Connecting state and local government leaders

Where Did Federal Funds for Cover Oregon Go?; N.C. May End Border Dispute With S.C.

Oregon Gov. John Kitzhaber

Oregon Gov. John Kitzhaber Don Ryan / AP Photo

Featured eBooks

Issues in City and County Management
CIVIC TECH: Case Studies From Innovative Communities
Smart Cities: Beyond the Buzz

Connecting state and local government leaders

Also in our State and Local Daily Digest: Federal prosecutors seek death penalty in Charleston; San Francisco remains a ‘sanctuary city'; and Boston’s sick of sick time.

INVESTIGATIONS | The Republican-controlled U.S. House Committee on Oversight and Government Reform wants the Justice Department and state attorney general to investigate Cover Oregon—which has been described as having arguably the worst rollout of an Affordable Care Act state exchange. Gov. John Kitzhaber’s administration is accused by the committee of both misusing federal funds for the creation of the state’s health insurance enrollment website and commingling them with political resources to benefit his reelection campaign. "More than $305 million in federal taxpayer dollars were sent to Oregon state for purposes of implementing a state exchange to benefit the people," reads a committee letter to the U.S. attorney general. "The state exchange never came to fruition, and the money is gone." Panel Democrats blamed Oracle Corporation for bungling the project in a separate report. [The Associated Press]

BORDER DISPUTE | Wrangling over state borders between North and South Carolina, that has played out for about two decades, may be moving nearer to a conclusion. North Carolina’s state Senate is scheduled to vote Wednesday on a plan to tweak the border in places near Charlotte. If passed by the state Senate, the changes would then need to win approval from the House, South Carolina legislators and governors in both states. But, if they do get finalized, 16 South Carolina homeowners would end up in North Carolina on Jan. 1, and three homes now in North Carolina would fall within South Carolina. There are provisions in the legislation designed to help people with the transition from one state to another; children could keep attending the same public schools, and properties could maintain existing utility services. One difficult aspect of the border proposal involves the Lake Wylie Mini Mart in Clover, South Carolina. Currently North Carolinians frequent the mart, drawn there by South Carolina’s lower gas taxes and laxer fireworks laws. Under the proposed changes to the state border, the storeowners who sell beer would also find themselves operating in a dry county. [The News & Observer]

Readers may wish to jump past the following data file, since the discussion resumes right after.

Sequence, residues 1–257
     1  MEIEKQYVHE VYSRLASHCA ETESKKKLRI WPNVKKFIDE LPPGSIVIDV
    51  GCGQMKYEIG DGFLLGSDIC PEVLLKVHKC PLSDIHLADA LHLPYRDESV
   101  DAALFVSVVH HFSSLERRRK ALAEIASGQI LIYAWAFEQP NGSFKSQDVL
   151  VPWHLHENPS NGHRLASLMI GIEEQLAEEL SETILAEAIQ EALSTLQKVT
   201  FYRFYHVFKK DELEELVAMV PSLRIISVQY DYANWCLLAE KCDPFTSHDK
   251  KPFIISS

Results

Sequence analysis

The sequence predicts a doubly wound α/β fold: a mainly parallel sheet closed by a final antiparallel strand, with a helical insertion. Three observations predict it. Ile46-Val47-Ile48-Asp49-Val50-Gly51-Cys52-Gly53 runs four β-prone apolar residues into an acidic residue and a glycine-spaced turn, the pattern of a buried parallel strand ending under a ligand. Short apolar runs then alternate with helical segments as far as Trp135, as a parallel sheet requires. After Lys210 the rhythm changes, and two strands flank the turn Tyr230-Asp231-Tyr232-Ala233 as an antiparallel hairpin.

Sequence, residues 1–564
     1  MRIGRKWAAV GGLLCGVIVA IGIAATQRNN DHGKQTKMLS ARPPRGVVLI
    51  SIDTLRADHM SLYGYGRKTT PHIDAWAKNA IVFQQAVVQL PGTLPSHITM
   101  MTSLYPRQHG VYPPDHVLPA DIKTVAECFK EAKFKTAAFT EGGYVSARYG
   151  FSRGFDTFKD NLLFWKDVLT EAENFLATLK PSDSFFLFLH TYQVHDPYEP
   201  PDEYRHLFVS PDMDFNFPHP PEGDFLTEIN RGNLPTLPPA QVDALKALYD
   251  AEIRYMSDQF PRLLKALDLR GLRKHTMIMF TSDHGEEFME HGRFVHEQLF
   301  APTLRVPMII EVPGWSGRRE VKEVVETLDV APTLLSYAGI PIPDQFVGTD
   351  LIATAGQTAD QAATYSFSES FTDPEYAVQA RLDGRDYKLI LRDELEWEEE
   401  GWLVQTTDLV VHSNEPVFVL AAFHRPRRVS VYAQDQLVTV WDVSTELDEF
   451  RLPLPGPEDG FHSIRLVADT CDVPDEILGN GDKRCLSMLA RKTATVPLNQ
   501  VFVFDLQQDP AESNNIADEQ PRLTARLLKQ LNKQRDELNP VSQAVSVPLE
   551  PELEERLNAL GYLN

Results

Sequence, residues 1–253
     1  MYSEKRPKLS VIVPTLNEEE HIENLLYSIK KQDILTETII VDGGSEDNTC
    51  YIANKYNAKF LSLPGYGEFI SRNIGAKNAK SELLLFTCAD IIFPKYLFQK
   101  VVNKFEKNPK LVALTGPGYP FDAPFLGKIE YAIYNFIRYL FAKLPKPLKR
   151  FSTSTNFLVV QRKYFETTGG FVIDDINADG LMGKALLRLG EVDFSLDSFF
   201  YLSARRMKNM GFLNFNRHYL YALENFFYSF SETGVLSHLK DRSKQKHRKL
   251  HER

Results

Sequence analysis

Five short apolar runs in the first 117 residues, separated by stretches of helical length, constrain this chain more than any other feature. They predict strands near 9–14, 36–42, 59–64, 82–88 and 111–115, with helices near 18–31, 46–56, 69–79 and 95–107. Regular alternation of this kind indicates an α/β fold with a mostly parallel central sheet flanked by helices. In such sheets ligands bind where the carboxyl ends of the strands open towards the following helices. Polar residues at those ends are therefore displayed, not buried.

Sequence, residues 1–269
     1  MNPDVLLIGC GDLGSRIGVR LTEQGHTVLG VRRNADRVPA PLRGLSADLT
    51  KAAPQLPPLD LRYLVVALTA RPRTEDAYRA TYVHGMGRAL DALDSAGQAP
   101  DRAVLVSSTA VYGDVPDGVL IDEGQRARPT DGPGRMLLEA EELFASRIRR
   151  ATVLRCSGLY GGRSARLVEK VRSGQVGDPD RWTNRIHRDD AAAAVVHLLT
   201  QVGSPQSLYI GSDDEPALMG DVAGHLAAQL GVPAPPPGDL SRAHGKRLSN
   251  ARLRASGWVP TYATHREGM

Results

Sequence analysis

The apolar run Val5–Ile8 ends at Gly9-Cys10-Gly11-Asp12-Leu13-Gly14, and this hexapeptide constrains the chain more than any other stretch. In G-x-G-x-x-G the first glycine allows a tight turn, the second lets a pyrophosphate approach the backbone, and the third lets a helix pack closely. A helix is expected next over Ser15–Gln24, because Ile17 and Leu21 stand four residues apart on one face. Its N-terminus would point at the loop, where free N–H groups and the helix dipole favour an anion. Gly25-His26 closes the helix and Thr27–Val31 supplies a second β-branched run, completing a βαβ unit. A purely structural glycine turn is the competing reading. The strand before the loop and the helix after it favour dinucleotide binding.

DEATH PENALTY | U.S. federal prosecutors will seek the death penalty for Dylann Roof for the murder of nine churchgoers in Charleston, South Carolina. Only three federal prisoners have been executed in the last half century; the last execution carried out by the U.S. government was in 2003. However, even if Roof were given the death sentence, he can’t actually be executed. Since 2010, there has been a moratorium on federal executions related to an internal review of execution methods, specifically on lethal injection, due, in part, to a nationwide shortage of the drugs used in the process. [Vice News]

IMMIGRATION | City lawmakers voted unanimously Tuesday to keep in place “sanctuary city” protections, which limit when local law enforcement must notify federal immigration authorities about people who are in the country illegally. Under the measure the Board of Supervisors backed, protections would not cover certain individuals, such as those convicted of a violent crime in the past seven years. [San Francisco Examiner]